RS: Be disciplined. Create a schedule for yourself and stick to it. After you finish school, life tends to take over and you need to make a commitment to carve out time to do art and to market yourself. Don’t be discouraged with rejections. Keep applying to shows, galleries, grants and alternative venues. Go to shows and find inspiration outside your studio, but don’t compare yourself, your vision and your process with others. Have a community of artist friends with whom you can share and get feedback on your work. Be persistent. Be patient with the creative and marketing practice. To be a successful artist you need to spend equal amounts on the business side as you do on the creative side. Don’t be afraid to experiment, but when applying to shows or grants, use a consistent body of work. Don’t rush into marketing your work before you have a strong body of work.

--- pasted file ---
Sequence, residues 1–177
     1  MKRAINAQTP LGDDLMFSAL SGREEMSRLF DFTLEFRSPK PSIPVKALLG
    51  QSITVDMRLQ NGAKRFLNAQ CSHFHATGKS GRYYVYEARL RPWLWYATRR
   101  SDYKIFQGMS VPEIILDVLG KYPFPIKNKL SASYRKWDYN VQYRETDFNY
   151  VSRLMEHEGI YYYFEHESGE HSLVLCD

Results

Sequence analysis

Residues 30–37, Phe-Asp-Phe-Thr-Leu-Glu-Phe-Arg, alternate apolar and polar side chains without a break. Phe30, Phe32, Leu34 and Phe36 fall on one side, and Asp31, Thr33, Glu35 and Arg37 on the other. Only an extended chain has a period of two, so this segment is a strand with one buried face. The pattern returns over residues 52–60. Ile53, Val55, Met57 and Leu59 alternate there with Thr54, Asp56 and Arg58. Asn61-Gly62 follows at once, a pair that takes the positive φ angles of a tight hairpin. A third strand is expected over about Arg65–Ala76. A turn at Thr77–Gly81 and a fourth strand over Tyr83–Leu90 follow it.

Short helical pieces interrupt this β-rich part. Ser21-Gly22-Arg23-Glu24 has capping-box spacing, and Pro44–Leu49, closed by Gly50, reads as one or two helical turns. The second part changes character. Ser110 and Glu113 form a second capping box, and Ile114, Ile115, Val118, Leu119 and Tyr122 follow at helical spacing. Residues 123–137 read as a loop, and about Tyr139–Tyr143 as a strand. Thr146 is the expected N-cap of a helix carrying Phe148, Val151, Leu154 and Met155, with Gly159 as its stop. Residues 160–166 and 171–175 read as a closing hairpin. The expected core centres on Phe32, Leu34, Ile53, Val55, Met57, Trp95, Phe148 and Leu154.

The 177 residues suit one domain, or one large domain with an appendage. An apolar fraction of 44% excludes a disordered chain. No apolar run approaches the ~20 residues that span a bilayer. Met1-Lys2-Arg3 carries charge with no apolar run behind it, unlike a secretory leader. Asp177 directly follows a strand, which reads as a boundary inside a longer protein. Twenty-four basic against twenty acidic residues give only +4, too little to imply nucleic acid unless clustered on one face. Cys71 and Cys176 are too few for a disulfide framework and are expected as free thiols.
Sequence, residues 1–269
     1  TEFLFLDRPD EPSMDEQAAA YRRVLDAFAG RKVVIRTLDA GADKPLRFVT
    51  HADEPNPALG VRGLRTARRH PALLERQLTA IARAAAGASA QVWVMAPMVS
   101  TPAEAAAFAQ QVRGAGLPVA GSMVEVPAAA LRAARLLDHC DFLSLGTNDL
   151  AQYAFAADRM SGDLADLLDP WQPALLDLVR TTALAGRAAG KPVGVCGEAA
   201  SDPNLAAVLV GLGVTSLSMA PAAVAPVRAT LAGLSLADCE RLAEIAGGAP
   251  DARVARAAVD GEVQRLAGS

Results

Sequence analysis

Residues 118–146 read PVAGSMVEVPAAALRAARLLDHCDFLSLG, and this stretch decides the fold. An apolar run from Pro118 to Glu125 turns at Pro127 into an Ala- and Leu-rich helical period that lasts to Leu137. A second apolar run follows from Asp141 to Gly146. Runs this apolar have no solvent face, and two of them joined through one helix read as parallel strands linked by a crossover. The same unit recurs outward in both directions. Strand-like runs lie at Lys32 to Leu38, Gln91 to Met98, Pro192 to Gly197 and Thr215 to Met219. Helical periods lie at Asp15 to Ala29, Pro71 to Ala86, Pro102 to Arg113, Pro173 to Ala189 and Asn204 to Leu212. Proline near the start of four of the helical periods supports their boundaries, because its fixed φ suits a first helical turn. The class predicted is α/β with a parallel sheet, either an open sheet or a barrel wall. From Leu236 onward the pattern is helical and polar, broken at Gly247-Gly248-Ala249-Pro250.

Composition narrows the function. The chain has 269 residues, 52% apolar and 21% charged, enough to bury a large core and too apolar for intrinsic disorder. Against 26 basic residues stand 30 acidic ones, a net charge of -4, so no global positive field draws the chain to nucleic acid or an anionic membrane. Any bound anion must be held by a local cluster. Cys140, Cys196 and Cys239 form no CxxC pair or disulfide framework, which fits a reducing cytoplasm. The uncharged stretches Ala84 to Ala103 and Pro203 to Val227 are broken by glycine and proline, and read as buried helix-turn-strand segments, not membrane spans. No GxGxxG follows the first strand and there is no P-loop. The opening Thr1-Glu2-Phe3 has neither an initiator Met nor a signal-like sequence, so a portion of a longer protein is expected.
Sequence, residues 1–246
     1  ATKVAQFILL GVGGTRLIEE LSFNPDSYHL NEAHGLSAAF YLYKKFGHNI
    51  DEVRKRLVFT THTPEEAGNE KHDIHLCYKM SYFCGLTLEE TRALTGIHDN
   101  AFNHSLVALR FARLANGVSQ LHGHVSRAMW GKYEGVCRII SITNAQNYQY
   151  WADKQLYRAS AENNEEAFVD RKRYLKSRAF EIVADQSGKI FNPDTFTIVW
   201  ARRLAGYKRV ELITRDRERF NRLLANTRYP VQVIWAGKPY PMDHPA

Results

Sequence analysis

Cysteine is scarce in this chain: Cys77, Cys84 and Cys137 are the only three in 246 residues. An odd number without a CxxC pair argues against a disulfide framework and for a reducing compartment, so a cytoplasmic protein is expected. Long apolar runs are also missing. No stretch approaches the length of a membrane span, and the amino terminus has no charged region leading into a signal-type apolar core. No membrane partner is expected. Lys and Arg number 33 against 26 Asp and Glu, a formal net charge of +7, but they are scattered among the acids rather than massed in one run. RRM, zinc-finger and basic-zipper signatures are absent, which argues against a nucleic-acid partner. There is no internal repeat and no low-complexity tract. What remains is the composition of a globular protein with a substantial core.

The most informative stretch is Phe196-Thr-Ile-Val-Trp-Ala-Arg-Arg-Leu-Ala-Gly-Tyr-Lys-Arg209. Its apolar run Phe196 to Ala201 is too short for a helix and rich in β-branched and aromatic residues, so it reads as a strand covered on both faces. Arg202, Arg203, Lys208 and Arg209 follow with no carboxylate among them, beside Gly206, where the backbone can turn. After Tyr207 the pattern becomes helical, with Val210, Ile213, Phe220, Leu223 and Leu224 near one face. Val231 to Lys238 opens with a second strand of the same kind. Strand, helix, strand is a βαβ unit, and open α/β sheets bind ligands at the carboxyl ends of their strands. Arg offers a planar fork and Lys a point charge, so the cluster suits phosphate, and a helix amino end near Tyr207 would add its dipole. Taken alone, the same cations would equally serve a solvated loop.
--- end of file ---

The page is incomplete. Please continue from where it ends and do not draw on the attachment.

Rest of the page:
NYFA: How has the Fellowship affected your work/ trajectory?

RS: The Fellowship has been a shot in the arm. It has given me a lot of validation and proved that consistent work and belief in oneself can and does pay off. Being part of the NYFA community has and will open doors for me. It is a huge honor to be a Fellow and it carries a lot of weight when applying for grants and residencies. NYFA has already offered me an opportunity to show my work at the firm Fahrenheit 212 and to sell my work through the online galleries Paddle8 and Artspace. The money I received from the Fellowship was, of course, welcomed. It helped defray costs of materials and helped me pay for a Photoshop course. I still have some left and plan to take a course in photography and in silk screen. I am grateful to NYFA for giving me so much support and for honoring me with a Fellowship in Painting this year.

For more information on Roxa, please visit her website.

Amy Aronoff